ASUS ZenFone Max M1 Review

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During the official launch of the Zenfone 5 series in MWC, ASUS sneakily launched another device — The Zenfone Max M1. The new Max device can be considered as a toned-downed version of the brand’s first ever 18:9 device, The Zenfone Max Plus M1. Is it a device worth considering in a segment filled with strong contenders? Let’s find out in our full review!

Before all that though, check out our unboxing and hands-on video of the device.

Design and Construction

Being a sibling to the Max Plus M1, the Max M1 retains much of the same design structure. The phone is encased in a unibody chassis with little to no intricate designs or linings. It has that generic smartphone looks, but it’s simple and clean. The device is a little thicker than most due to its larger battery, though it’s still relatively thin and light.

Up front, we’ll be greeted by the 5.5-inch 18:9 HD+ display, 13MP front camera, front LED flash, speakerphone, and some sensors. The top and bottom bezels are quite thick, adding to the impression that this is one bulky device.

Over at the right side, we have the power/lock button and volume rockers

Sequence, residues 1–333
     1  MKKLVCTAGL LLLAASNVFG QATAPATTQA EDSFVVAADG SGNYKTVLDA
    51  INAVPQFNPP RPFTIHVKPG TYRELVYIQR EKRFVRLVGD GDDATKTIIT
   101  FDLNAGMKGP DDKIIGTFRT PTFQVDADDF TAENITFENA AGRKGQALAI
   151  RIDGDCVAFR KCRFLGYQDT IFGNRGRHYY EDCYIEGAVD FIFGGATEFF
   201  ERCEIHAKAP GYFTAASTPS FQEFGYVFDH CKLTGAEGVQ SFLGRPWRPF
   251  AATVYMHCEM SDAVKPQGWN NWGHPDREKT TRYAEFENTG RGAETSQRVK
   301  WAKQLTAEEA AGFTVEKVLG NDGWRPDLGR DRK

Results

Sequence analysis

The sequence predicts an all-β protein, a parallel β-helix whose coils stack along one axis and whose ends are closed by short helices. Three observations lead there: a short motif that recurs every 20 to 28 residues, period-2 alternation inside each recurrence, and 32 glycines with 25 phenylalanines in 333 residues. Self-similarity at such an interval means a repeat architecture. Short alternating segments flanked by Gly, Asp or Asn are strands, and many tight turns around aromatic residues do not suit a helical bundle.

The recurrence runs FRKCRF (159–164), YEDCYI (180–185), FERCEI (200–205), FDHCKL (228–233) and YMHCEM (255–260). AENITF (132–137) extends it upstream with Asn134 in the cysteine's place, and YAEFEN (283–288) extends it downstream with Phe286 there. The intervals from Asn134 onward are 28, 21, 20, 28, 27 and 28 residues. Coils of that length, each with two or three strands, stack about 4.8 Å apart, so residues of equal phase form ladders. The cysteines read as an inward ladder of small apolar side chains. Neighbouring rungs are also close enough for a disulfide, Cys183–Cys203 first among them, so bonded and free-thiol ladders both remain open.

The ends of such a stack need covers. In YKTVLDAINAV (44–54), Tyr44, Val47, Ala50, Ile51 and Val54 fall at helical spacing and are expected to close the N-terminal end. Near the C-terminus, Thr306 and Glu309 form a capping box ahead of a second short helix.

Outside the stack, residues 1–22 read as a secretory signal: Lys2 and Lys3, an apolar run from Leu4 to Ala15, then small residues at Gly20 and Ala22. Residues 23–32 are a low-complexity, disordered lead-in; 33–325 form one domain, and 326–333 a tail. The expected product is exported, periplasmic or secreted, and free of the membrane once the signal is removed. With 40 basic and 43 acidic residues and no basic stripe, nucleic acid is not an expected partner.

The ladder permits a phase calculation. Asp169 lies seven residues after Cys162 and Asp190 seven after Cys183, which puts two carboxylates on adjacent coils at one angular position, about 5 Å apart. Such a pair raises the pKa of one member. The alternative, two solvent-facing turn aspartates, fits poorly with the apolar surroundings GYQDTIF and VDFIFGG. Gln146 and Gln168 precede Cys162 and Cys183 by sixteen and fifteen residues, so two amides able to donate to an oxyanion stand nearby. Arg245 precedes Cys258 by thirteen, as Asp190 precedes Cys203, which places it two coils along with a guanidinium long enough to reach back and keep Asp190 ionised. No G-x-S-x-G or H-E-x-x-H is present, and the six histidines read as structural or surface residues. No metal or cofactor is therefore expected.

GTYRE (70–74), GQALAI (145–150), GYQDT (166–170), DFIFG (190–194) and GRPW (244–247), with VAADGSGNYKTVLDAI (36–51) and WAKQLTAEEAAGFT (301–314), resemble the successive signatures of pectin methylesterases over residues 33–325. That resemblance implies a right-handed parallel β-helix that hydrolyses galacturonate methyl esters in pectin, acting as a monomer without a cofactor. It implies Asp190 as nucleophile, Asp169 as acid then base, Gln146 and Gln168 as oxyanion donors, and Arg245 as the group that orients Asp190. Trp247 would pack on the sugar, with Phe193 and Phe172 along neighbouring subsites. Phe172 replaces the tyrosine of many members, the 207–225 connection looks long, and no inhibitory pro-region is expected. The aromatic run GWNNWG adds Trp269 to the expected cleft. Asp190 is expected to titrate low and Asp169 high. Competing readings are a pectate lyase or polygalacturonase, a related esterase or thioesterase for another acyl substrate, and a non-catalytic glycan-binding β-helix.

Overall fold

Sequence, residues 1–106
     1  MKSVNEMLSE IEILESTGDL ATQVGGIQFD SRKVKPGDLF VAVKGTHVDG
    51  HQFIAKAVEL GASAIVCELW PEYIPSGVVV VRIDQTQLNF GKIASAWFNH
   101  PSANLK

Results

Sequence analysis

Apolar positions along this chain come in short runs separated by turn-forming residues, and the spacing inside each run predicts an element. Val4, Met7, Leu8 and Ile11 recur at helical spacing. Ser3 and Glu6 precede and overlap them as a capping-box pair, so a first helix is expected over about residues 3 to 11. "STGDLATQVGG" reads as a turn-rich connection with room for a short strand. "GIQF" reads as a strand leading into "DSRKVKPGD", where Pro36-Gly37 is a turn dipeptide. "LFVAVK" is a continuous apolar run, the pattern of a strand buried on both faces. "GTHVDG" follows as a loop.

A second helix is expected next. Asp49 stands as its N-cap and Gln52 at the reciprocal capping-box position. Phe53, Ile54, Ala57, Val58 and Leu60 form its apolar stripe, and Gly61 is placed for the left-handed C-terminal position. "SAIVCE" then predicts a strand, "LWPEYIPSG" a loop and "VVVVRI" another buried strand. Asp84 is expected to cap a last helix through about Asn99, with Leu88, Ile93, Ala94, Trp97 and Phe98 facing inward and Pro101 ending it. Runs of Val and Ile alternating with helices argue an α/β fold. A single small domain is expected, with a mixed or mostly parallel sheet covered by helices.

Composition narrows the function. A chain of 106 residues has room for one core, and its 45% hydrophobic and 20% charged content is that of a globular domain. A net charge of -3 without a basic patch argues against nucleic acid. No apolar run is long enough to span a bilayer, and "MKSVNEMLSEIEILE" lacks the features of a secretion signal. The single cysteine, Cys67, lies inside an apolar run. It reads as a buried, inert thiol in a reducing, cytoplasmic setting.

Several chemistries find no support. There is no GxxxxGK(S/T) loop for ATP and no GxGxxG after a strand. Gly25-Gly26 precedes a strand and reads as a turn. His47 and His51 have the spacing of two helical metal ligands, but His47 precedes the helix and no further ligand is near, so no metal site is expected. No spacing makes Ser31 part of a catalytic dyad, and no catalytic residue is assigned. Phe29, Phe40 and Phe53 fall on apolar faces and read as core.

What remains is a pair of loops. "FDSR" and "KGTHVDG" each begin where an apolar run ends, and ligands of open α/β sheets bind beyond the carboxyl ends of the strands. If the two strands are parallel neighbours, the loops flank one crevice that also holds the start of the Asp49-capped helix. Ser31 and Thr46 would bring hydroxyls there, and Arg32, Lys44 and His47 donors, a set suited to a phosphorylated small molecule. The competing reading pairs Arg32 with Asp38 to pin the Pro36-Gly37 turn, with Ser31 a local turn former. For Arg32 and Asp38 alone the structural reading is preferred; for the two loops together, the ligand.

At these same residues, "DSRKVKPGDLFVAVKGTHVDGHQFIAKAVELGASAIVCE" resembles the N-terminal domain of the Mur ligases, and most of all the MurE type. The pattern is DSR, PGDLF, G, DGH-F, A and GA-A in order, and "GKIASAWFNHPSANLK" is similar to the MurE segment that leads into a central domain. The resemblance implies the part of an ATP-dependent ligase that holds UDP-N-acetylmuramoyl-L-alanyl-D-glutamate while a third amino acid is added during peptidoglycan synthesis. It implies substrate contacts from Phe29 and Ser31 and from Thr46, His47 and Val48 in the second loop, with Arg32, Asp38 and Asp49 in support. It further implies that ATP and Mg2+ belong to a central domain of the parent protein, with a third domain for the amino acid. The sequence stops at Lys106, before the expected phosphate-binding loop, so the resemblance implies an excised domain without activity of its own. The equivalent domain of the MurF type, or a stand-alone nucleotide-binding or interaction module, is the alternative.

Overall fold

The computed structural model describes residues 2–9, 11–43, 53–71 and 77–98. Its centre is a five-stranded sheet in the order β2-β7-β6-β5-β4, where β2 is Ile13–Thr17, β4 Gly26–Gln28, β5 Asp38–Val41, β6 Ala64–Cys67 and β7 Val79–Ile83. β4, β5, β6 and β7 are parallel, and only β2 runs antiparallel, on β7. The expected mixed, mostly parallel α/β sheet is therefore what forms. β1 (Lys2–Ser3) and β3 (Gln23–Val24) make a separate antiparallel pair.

Then at the left is the slot for the dual-SIM + dedicated microSD card tray. It’s always nice seeing a non-hybrid setup.

Up top, is a lone 3.5mm audio port.

Down below, are the microUSB port and two speaker grilles containing the loudspeaker (right) and main microphone (left).

Flipping the device reveals the dual 13MP + 8MP rear cameras along with an LED flash, fingerprint scanner, and ASUS’ logo.

The Zenfone Max M1 feels solid and sturdy in the hands, thanks to its weight and overall thickness. The smooth black finish though makes the device quite slippery and is also a fingerprint magnet. Thankfully, ASUS included a silicon case in the package to provide a better grip and protection from fingerprint smudges.

Display and Multimedia

The Zenfone Max M1 is equipped with a 5.5-inch 18:9 IPS display with a resolution of 1440 x 720. The screen itself has nice and sharp colors and icons are clear and crisp. Viewing angles are also good, thanks to the IPS panel. Sadly, the HD+ display may not be to everyone’s liking, especially for those who are accustomed to higher resolutions. Either way, the size and quality of the display are enough for an enjoyable viewing experience. Not to mention, it has enough brightness for outdoor use.

Audio-wise, we get a pretty average loudspeaker. The Mids and Highs are there and it can get pretty loud, although we do lose a bit of clarity at max volumes. As with most phones, Lows are non-existent. Thankfully, we have ASUS’ Audio Wizard on board, which is a pretty awesome audio tuning software when paired with earphones.

Camera

ASUS gave the Zenfone Max M1 a different set of cameras from what we got with the Max Plus. For the rear duo, we got a 13MP f/2.0 aperture main and an 8MP 120-degree wide-angle secondary. For the front, we got a bumped up 13MP camera along with an LED flash. While the Max Plus M1 enjoyed quite a bit customization options, the same cannot be said for the Max M1. The rear cameras only have Panorama, Portrait, Wide-aperture, Beauty, Time Lapse, a set of filters and Auto while the front is only limited to Auto, Beauty and a set of filters. We even lost a Pro or manual mode, which would’ve helped a lot in terms of shot adjustment.